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Fans Forced to Yawn Their Way Through Bruno Mars Halftime Performance

Though most people were tuned in to see the Super Bowl XVLIII matchup between the Seattle Seahawks and the Denver Broncos, there were those who couldn’t wait to see what Bruno Mars would do for the halftime performance.

Though most people were tuned in to see the Super Bowl XVLIII matchup between the Seattle Seahawks and the Denver Broncos, there were those who couldn’t wait to see what Bruno Mars would do for the halftime performance. The drum solo by Bruno was nice, but whenever a performer starts out with a children's choir and the American flag in the background you know they're going for brownie points with the audience. The more talented a performer is, the less he or she should need attention grabbing props. Bruno Mars wasn’t horrible, he busted out a couple James Brown moves and even took it to Michael Jackson with the pirouette spin. His band was pretty decent too. But, other than that, I wasn’t moved in the least. He was a’ight. That’s all I can say.  No edge whatsoever. 

The Super Bowl halftime show is often touted as the concert of the year, but it was hardly that. The appearance by the shirtless Red Hot Chili Peppers turned up the amps on the performance overall, but when Bruno closed it out with a ballad I let out a yawn and headed to the bathroom to give back all that beer I borrowed during the first half.  The fireworks were nice though. Compared to the Michael Jackson performance at Super Bowl XXVII, or even the performance by Beyoncé at last year’s Super Bowl XXLVII, the Bruno Mars performance was lacking in flare and originality.  Maybe another Beyoncé blackout would have helped some. Yes, his throwback appeal was interesting. But the nostalgia wore off a minute into the performance. It was safe, and he is talented, but it wasn’t enough to keep the attention of the largely male demographic that tuned in to watch the game. The Nielsen ratings aren’t available yet, but I wouldn’t be surprised if FOX lost some percentage points within five minutes of that performance.  When will the NFL stop trying to play it safe at halftime?  They should hire performers to rock the house not to maintain the status quo.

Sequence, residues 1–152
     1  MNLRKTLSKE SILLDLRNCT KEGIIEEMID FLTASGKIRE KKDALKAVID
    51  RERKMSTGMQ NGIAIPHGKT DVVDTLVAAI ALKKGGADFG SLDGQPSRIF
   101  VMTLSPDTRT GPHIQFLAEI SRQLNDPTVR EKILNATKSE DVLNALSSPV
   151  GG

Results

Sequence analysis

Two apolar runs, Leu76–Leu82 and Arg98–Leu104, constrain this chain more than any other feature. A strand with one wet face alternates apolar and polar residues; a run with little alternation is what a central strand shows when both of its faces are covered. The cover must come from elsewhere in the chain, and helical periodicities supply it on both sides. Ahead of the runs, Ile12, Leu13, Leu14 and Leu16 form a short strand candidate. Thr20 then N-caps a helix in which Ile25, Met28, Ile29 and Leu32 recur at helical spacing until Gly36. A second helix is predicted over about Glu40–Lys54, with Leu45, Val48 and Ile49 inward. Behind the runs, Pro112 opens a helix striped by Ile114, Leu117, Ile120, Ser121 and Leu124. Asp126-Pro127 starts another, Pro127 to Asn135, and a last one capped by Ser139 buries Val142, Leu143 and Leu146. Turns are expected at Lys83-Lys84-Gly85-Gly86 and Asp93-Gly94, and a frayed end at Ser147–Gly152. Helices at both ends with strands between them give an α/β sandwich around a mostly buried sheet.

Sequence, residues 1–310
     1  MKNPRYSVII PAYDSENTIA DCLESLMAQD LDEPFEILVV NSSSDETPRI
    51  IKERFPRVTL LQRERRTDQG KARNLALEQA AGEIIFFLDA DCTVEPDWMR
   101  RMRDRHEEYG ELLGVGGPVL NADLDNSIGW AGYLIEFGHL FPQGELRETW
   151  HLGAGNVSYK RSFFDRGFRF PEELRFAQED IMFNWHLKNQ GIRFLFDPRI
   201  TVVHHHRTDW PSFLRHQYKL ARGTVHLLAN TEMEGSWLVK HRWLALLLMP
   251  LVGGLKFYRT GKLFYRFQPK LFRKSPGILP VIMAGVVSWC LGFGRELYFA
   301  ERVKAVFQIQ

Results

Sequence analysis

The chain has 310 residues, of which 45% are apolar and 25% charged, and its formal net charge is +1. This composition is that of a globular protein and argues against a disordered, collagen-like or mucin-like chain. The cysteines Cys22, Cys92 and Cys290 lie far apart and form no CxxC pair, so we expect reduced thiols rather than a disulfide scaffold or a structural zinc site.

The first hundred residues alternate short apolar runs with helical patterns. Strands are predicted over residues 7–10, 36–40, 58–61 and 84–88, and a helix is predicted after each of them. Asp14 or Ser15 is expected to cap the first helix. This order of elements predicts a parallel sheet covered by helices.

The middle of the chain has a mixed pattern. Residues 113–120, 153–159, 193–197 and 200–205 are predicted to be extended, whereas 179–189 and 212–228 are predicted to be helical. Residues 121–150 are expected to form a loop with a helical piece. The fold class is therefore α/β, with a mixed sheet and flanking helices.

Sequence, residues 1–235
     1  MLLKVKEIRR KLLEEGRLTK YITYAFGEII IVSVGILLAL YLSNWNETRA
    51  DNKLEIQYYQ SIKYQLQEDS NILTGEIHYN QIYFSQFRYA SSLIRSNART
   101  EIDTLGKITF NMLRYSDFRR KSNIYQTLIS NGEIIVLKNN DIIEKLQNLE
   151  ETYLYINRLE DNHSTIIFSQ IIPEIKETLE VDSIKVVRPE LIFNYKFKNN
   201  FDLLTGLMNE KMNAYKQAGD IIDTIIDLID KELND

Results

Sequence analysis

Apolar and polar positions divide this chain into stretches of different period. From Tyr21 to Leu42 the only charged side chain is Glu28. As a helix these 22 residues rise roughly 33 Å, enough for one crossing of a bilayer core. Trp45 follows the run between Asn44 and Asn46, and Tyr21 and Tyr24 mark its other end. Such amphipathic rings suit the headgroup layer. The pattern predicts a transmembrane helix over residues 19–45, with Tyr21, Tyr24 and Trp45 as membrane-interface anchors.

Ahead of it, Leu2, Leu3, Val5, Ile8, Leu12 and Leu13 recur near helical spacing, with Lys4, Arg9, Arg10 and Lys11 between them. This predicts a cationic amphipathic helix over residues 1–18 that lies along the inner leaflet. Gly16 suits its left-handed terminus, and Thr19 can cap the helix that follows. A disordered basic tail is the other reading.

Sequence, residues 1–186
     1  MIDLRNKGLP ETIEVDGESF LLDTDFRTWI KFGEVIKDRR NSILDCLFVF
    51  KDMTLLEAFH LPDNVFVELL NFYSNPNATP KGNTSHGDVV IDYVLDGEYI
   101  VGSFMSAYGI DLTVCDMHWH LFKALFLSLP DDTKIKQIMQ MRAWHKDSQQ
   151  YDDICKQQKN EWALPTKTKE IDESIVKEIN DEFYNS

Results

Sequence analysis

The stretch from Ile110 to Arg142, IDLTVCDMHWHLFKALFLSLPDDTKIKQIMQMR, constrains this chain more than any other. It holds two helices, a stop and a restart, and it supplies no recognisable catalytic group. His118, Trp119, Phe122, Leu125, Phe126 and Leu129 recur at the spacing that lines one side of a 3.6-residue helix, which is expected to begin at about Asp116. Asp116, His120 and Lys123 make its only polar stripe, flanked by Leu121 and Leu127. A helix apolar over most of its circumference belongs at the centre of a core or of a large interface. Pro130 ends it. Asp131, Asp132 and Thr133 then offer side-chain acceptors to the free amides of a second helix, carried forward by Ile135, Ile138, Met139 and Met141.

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Starting his career as lead writer for EURweb.com back in 1998, Ricardo A Hazell has served as Senior Contributor with The Shadow League since coming to the company in 2013. His byline has appeared in the Washington Post, the Chicago Tribune, the South China Sea Morning Post, the Root and many other publications. At TSL he is charged with exploring black cultural angles where they intersect with the mainstream.